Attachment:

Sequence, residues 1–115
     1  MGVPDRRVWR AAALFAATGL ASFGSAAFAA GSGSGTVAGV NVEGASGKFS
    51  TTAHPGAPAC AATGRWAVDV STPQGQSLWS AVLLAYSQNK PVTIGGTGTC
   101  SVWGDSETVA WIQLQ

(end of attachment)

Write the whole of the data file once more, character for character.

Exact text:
Sequence, residues 1–115
     1  MGVPDRRVWR AAALFAATGL ASFGSAAFAA GSGSGTVAGV NVEGASGKFS
    51  TTAHPGAPAC AATGRWAVDV STPQGQSLWS AVLLAYSQNK PVTIGGTGTC
   101  SVWGDSETVA WIQLQ